3. Method 3.1 Sample and procedures Data for this study were collected from managers working in public listed Malaysian Companies. The population of this research consisted of those graded as managers in their respective organisations (leaders with subordinates). Prior to the distribution of the questionnaires, the Head of Human Resources (HR) of each company was approached and notified of the aim of the study Instructions were given to the respective HR Heads on the targeted population. English is the lingua franca in educational institutions and companies in Malaysia. Therefore the language used in the questionnaire was English and a condition for participation in the survey was an ability to communicate in English. A pilot test was first carried out among 12 managers to ensure questions were understood and to account for any cross-cultural invariance. The participants indicated that the items included in the survey were lucid and easy to understand. Of 530 surveys distributed, 218 responses were received, of which 202 were useable, (16 surveys were incomplete and therefore discarded) yielding a response rate of 38%. A number ACCEPTED MANUSCRIPT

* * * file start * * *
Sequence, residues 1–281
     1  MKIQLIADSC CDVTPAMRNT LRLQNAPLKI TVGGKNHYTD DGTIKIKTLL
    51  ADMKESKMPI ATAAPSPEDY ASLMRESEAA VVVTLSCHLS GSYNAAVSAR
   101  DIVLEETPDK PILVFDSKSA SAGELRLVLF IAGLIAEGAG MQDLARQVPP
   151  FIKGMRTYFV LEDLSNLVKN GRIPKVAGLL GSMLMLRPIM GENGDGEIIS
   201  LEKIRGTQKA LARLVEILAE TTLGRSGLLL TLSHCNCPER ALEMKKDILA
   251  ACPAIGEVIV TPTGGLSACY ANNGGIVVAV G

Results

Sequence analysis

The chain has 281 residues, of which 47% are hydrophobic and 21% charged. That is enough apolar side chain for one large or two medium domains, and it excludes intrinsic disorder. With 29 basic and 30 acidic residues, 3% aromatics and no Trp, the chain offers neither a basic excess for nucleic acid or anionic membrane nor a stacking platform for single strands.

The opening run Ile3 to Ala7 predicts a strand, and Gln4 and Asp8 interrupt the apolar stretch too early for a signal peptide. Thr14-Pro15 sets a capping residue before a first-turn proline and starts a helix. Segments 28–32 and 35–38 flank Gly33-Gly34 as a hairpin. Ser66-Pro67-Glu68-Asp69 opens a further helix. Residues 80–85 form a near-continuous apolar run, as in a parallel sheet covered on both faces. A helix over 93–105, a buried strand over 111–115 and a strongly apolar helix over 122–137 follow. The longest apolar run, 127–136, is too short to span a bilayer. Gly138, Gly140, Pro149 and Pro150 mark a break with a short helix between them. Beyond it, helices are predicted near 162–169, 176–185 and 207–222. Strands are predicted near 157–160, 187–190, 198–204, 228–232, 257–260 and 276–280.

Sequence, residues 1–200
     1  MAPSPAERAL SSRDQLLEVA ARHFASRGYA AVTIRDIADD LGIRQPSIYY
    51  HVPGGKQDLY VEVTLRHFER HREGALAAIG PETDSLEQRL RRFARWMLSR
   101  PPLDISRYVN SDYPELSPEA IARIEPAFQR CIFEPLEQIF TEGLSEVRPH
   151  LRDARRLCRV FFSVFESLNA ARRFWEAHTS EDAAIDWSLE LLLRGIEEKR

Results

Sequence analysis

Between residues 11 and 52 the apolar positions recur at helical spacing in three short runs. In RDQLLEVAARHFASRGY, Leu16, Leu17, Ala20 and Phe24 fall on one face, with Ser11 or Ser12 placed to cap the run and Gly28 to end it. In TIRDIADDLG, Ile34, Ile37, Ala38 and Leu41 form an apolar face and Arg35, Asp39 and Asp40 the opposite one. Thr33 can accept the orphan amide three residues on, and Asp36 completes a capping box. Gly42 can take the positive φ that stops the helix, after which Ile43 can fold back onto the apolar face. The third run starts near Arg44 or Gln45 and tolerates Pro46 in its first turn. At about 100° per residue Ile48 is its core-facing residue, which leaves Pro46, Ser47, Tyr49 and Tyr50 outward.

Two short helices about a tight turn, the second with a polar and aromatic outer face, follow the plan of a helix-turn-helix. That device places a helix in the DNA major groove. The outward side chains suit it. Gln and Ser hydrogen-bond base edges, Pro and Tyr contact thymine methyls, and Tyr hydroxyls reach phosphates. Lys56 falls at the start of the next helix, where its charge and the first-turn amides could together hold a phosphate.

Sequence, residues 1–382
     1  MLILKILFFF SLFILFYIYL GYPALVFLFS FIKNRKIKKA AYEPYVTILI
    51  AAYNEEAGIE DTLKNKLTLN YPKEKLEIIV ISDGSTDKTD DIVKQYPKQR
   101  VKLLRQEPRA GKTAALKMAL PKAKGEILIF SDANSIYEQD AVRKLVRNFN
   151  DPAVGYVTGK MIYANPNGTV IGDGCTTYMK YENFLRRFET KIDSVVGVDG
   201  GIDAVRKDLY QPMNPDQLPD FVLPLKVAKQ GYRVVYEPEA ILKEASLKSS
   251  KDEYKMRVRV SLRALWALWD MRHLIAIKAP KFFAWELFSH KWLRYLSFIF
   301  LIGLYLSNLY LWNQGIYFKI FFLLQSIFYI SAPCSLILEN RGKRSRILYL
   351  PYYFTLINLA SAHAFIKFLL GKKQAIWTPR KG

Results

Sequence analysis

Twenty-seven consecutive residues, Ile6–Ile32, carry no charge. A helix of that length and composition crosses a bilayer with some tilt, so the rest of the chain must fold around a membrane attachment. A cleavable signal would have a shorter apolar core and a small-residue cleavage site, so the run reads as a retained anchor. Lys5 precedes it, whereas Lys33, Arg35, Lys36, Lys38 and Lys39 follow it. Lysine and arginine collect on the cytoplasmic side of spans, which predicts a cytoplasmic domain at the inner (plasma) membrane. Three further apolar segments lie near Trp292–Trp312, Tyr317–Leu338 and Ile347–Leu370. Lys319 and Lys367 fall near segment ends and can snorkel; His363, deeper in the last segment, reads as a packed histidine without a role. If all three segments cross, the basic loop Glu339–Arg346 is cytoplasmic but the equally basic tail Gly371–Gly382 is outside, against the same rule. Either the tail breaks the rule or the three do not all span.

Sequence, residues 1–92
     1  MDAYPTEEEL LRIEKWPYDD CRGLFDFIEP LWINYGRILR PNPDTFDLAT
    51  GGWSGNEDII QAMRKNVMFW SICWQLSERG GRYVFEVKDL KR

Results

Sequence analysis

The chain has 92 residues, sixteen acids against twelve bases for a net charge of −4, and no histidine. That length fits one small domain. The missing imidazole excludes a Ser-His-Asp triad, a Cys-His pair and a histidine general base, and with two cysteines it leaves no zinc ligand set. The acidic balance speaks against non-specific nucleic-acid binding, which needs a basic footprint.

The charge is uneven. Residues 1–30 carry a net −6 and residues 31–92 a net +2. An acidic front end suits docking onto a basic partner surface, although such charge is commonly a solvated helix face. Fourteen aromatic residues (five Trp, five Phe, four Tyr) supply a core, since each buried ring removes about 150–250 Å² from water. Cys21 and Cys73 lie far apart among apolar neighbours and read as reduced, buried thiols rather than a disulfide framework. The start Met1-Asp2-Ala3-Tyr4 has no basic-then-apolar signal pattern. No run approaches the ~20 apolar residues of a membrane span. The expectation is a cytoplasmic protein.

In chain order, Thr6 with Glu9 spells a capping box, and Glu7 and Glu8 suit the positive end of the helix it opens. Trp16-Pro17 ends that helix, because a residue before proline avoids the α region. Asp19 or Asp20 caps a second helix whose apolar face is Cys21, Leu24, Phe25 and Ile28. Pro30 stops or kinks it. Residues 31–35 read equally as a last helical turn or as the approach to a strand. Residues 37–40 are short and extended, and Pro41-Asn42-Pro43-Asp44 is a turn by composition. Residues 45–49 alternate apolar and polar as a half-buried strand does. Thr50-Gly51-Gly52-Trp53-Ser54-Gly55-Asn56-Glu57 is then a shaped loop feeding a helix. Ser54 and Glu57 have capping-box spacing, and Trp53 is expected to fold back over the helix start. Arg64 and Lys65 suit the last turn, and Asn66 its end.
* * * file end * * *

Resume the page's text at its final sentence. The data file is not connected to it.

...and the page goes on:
ACCEPTED MANUSCRIPT 11 of reasons are attributed to the low response rate. First, the researchers’ inability to make additional contact with units selected in a survey can be a significant main contributor to nonresponse. Secondly, cultural background of the respondents and finally the company policy and legal issues relating to disclosing information to the public. Nevertheless, Kline (2005) recommended that a sample size in excess of 200 is suitable to effectively employ Structural Equation Modelling (SEM). The gender of respondents was relatively even, with 56.4% being female (n = 114) and 43.6% being male (n = 88). Most respondents were between the ages of 30 and 40 years (48.5%), followed by the 20 to 30 years age group (28.2%), respondents between the ages of 40 and 50 accounted for 16.8% and those above the age of 50, for 6.4%. The education level attained for the majority of respondents was a bachelor degree: 66.3% (n = 134), followed by diploma holders: 17.8% (n = 36) and those with post- graduate qualifications: 15.8% (n = 32). Finally, the respondents’ position in their organisations showed that all were manager grade staff. In terms of years in service with their organisations 34.6% (n = 70) had served for 10 to 20 years, 31.7% (n = 64) for 5 years or less, 28.7% (n = 58) for 5 to 10 years and 5% (n = 10) had given 20 years of service. The sample included six business sectors: 38.1% in the financial services/banking sector (n = 77), 19.3% in the manufacturing/industrial/engineering sector (n = 39), 18.3% in the energy/utilities sector (n = 37), 11.9% in the construction sector (n = 24), 9.4% in the agricultural sector (n = 19) and 3% in the service sector (n = 6). 3.2 Measures OCI was measured by employing the English version of the Isaksen, Lauer and Ekvall (1999) ‘Situational Outlook Questionnaire’ (SOQ). It was based on the organizational climate model developed by Ekvall (1983) and consisted of the following sub-scales: (i) challenge (8 items); (ii) freedom (6 items); (iii) trust (3 items); (iv) idea time (6 items); (v) playfulness (6 items); (vi) conflict (6 items); (vii) idea support (5 items); (viii) debate (6 items); and (ix) risk taking ACCEPTED MANUSCRIPT
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